Acquiring baby chicks is always exciting! But what happens when a chick doesn’t turn out as planned and a deformity is present? When it comes to raising chicks there are a few common deformities that you may experience from time to time. Hand-picking chicks from a breeder or farm store can help to minimize the risk. When ordering from mail-order hatcheries you get what you get. Though hatcheries will reimburse you for the deformed chick but accept no returns. Some of the conditions are easily remedied while others are a lifetime commitment.
Splay Leg Deformity
Splay leg also referred to as “Spraddle Leg” this common deformity causes one or both of the legs to lay offside of the chick rather than under the body. It makes it impossible to stand let alone walk. This is a rather common deformity amongst chicks, some are born with it, while others obtain it from walking or slipping on improper brooder bedding (e.g. newspaper). It’s thought that those born with it have a vitamin deficiency or a problem occurred with the temperature during incubation. Splinting the legs into the correct position has shown some success.
Cross Beak Deformations
Cross beak (aka. Scissor beak or parrot beak) this deformation typically grows worse as the chick ages. The top of the beak frequently crosses over the bottom portion, much like cross jaw in a human. Or the bottom is to short comparing to an underbite. Because the beak does not align precisely they often require extra help with feeding and drinking. Deeper bowls seem to help manage the issue, feeding separately is also an option. The deformity doesn’t allow the beak to be naturally rubbed down, therefore occasional trimming will be needed. However, make sure not to cut too much or they will bleed profusely.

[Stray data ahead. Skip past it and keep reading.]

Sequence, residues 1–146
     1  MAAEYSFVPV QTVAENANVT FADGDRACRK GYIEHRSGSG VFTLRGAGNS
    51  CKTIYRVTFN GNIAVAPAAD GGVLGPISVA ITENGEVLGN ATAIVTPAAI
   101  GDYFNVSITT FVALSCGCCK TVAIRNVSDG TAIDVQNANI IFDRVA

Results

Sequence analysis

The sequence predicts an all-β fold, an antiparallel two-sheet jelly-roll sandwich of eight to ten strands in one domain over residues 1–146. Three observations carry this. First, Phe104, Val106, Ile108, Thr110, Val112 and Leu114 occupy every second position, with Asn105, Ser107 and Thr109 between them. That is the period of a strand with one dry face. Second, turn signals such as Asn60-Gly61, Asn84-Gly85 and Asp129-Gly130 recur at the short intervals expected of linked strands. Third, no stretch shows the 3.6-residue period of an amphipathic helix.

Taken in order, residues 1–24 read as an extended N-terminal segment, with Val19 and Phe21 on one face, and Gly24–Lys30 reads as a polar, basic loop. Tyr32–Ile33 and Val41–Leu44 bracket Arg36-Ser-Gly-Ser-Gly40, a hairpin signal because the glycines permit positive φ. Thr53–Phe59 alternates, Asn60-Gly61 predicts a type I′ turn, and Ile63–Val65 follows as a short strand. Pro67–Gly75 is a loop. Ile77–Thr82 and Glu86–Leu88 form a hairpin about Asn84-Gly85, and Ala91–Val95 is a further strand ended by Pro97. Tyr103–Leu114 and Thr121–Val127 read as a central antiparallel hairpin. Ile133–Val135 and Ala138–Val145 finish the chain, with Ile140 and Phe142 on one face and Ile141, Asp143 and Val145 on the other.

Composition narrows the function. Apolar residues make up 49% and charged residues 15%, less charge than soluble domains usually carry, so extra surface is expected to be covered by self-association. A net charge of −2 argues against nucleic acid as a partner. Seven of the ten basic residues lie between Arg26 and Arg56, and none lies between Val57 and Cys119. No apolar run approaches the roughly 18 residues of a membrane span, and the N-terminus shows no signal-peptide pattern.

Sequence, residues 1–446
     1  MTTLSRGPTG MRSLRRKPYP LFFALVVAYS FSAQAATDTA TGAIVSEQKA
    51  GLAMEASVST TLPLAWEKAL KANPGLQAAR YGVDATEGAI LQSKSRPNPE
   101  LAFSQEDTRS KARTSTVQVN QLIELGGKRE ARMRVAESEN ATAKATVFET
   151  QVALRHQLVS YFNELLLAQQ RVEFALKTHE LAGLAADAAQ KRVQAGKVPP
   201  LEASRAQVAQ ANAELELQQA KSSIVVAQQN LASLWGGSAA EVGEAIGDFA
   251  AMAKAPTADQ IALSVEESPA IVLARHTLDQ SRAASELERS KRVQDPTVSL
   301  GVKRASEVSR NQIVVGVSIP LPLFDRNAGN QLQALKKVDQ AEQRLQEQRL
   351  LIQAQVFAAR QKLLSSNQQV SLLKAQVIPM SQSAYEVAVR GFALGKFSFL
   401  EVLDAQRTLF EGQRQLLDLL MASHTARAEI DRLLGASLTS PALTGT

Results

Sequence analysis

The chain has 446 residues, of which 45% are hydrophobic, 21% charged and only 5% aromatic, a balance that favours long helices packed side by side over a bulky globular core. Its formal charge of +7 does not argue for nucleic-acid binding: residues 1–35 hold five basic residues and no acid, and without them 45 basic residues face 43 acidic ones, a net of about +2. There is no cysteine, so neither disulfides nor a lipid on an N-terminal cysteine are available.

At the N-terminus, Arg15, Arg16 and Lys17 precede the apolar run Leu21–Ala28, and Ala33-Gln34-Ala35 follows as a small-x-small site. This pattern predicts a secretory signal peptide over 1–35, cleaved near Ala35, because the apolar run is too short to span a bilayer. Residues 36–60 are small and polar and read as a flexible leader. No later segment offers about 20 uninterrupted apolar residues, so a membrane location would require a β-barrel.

Wry Neck Syndrome
Wry neck Syndrome (also called torticollis or crooked neck) is characterized by the head rotating to one side. This deformity typically caused by a vitamin deficiency particularly vitamin B1. Easily prevented and treated by adding electrolytes and vitamin supplements to the water. Other causes of a turned neck can come from an injury or inherited disorder.
Curled Toe Deformity
Curled-toe is a lame term used to describe toes that are curled or appear broken. Often caused by a, vitamin B2/Riboflavin deficiency. Quick treatment can reverse the effects or prevent the illness. Clinical signs appear 8-14 days after hatching, to combat the issue make sure to feed a chick food with a minimum riboflavin content of 4.4 mg/kg (2.0 mg/lb). The deformity is often caused by breeding Riboflavin deficient parents. Therefore if this happens after you have incubated chicks treat the parents for the deficiency as well. The addition of green leafy plants like Alfalfa, chives, coriander, asparagus, and broccoli to your chicken’s diet will help maintain their levels.
While each deformity comes with its own set of obstacles most can be cured or managed. Knowing the signs and treatments for each is half the battle. Like most things in life catching it quickly can be the difference between life and death. However, even with the best intentions and support, not every little chick will survive. All you can do is your best to give the chick a fighting chance.
Carrie Miller has a do-it yourself website/blog that is full of fun chicken projects. Her family is raising all-natural chickens with no antibiotics, no medications and no pesticides in Kinsman, Ohio. You can find her at Miller Micro Farm or follow her on Facebook, Instagram or Twitter.
I am starting chickens this year, and need to know all about their deformity inside and outside